The Company was revived in Fall, 2001 for the Ionesco Festival. (We had slept through the 1990's! We are a non-profit corporation).
The piece we did for it is included here as it's appropriate,. Ionesco's Maid To Marry. We are a repertory company as so many good works should be re-done.
We usually have between 7-11 performers and try to have most performers do more than one piece, giving them a chance to be seen in varying works and
stretching them as actors. I find most plays boring as they're done and re-done. Also, they aren't always well-written. I try to find new
authors/composers/choreographers whose works are beautifully written, composed or choreographed.
Your current presentation will feature shorts plays all French and representing several styles. Why did you choose this unifying theme?
Paris of the early 20th Century is so fascinating and 'everyone' was there, including many American composers and writers: Gertrude Stein, Ernest Hemmingway,
George Antheil, Virgil Thomson, etc. It was a simmering kettle of mad ideas and wonderful people combusting with each other. Painting and literary forms were
changing and morphing into various new genres. It seemed a natural thing to choose plays originally written in French from 1920-1953, showing off a range of writing
and ideas. Most plays in this show are comedic. They're presented in English.
ou generally direct the productions. How do you and the company decide on what to present and how are duties within the company shared?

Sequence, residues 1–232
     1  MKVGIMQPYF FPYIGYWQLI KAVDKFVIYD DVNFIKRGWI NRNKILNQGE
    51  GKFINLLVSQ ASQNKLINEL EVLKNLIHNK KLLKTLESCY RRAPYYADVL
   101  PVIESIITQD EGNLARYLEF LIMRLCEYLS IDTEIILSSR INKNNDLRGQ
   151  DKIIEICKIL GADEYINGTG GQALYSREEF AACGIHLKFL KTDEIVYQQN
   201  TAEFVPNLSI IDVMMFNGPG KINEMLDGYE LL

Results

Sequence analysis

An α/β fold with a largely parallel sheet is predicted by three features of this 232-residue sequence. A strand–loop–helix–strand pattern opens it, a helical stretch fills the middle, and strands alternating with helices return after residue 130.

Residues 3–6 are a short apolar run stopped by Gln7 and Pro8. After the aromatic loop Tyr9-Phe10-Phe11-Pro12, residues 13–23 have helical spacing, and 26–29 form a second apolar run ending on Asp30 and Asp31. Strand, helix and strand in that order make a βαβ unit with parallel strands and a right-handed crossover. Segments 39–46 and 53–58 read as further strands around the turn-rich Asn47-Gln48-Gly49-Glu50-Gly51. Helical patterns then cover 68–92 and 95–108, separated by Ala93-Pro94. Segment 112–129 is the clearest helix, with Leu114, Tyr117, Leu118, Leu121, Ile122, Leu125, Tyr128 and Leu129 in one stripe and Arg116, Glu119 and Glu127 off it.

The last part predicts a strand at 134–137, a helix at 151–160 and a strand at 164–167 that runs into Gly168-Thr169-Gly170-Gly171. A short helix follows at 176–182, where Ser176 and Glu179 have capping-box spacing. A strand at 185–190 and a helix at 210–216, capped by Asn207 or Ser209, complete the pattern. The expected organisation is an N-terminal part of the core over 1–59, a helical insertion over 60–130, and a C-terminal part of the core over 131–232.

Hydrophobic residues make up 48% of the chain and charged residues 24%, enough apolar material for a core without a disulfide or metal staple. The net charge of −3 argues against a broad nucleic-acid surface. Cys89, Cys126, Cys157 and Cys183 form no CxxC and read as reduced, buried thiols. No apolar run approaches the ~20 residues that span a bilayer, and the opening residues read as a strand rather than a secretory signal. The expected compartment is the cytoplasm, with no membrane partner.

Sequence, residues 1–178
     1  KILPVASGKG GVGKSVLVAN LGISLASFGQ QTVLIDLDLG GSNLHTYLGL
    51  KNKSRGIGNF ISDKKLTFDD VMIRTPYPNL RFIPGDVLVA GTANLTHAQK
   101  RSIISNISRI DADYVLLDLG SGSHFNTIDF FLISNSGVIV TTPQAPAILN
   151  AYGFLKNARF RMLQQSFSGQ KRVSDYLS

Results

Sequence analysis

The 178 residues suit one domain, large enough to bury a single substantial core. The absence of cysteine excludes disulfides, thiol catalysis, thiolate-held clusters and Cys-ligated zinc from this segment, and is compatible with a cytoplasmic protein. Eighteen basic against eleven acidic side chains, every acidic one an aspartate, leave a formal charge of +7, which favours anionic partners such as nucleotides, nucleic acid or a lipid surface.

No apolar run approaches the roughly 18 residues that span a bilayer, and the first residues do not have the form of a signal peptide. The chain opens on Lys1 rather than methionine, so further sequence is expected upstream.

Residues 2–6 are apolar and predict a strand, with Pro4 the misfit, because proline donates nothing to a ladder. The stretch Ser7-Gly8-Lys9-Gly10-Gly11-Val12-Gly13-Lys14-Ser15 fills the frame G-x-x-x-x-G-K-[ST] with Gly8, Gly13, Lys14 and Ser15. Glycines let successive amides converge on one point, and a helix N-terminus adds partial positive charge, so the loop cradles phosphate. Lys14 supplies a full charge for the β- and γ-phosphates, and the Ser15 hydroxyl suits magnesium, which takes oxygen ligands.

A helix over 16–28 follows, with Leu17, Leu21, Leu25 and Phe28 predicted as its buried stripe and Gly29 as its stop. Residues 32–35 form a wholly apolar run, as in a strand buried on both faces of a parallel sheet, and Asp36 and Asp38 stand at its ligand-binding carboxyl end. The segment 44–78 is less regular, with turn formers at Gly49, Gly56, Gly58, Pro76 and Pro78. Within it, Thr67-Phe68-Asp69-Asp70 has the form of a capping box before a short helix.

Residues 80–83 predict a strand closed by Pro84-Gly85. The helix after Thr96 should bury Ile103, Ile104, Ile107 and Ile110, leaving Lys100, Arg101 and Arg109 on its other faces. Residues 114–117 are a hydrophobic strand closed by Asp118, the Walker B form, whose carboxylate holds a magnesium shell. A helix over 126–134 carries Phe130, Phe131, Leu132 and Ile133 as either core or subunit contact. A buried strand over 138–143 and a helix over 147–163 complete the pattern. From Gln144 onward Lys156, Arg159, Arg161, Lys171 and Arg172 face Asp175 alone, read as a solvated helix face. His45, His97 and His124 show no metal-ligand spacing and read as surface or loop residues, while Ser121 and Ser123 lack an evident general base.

I decide what to present, after speaking and discussing with my Board of Directors and various friends and people who know what we're trying to do. Our range is vast,
our financial resources slim. But we try to present the programs with as high a quality as possible within our means. Imagination takes the place of money and high
quality designers and casts all aid the beauty of what we try to do.
Your company is “known for unusual plays and productions, combining music, dance, text and song in various ways”. Could you explain what this means and how you go
about accomplishing this?
We began as the Xoregos Dance Company, but soon were presenting works of music, plays and poetry, short operas, historical dance programs and changed our name to reflect that.
People coming only to see dance would be disappointed. Often we combine text with movements and dance, music with text, poetry with dance and all combinations of the theatrical
elements available to us. All pieces don't lend themselves to combination performance art. In Maid To Marry, for example, Ionesco's text of the play is given simultaneously with
a movement score--Dadaesque, if you will--it works quite well. We've previously done a dance/drama adaptation of The Picture of Dorian Gray (written by Leonard Cahn) which
featured dancers speaking the lines of the novel and moving at the same time. There was also a commissioned score by Janice Giteck including a mezzo soprano and pianist on stage.
How do you go about attracting an audience to view pieces that are not as familiar to many theatergoers and do you feel you must work within a special demographic?
What have audience reactions been to previous pieces and how do these influence future choices?
The San Francisco Examiner / 26 Feb 1978 (pg.255)
(This article is included in both Theatre and Dance sections because the webmaster has such fond memories of taking dance classes at the Xoregos dance studio in San Francisco during the early 1970's... and because of the shortage of articles beginning with an "X.")
The San Francisco Examiner / March 5, 1978 (pg.296)